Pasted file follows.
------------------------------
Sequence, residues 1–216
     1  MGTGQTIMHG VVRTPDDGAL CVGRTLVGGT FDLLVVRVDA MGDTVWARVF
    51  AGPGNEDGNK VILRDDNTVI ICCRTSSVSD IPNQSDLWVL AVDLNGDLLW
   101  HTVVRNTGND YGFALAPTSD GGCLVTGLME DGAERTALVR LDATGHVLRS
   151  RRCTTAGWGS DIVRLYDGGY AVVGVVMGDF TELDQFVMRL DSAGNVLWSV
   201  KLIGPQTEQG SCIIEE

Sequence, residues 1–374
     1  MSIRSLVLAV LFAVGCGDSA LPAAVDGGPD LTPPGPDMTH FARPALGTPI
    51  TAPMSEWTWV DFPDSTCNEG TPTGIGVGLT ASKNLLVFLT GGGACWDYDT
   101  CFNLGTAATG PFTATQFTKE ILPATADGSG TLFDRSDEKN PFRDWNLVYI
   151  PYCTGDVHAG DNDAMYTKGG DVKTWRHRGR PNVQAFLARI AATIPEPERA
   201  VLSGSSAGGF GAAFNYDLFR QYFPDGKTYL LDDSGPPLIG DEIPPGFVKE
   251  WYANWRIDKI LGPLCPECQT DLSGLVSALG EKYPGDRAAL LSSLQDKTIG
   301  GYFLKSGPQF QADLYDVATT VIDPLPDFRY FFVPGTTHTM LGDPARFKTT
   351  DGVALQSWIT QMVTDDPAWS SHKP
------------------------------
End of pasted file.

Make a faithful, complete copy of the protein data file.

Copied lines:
Sequence, residues 1–216
     1  MGTGQTIMHG VVRTPDDGAL CVGRTLVGGT FDLLVVRVDA MGDTVWARVF
    51  AGPGNEDGNK VILRDDNTVI ICCRTSSVSD IPNQSDLWVL AVDLNGDLLW
   101  HTVVRNTGND YGFALAPTSD GGCLVTGLME DGAERTALVR LDATGHVLRS
   151  RRCTTAGWGS DIVRLYDGGY AVVGVVMGDF TELDQFVMRL DSAGNVLWSV
   201  KLIGPQTEQG SCIIEE

Sequence, residues 1–374
     1  MSIRSLVLAV LFAVGCGDSA LPAAVDGGPD LTPPGPDMTH FARPALGTPI
    51  TAPMSEWTWV DFPDSTCNEG TPTGIGVGLT ASKNLLVFLT GGGACWDYDT
   101  CFNLGTAATG PFTATQFTKE ILPATADGSG TLFDRSDEKN PFRDWNLVYI
   151  PYCTGDVHAG DNDAMYTKGG DVKTWRHRGR PNVQAFLARI AATIPEPERA
   201  VLSGSSAGGF GAAFNYDLFR QYFPDGKTYL LDDSGPPLIG DEIPPGFVKE
   251  WYANWRIDKI LGPLCPECQT DLSGLVSALG EKYPGDRAAL LSSLQDKTIG
   301  GYFLKSGPQF QADLYDVATT VIDPLPDFRY FFVPGTTHTM LGDPARFKTT
   351  DGVALQSWIT QMVTDDPAWS SHKP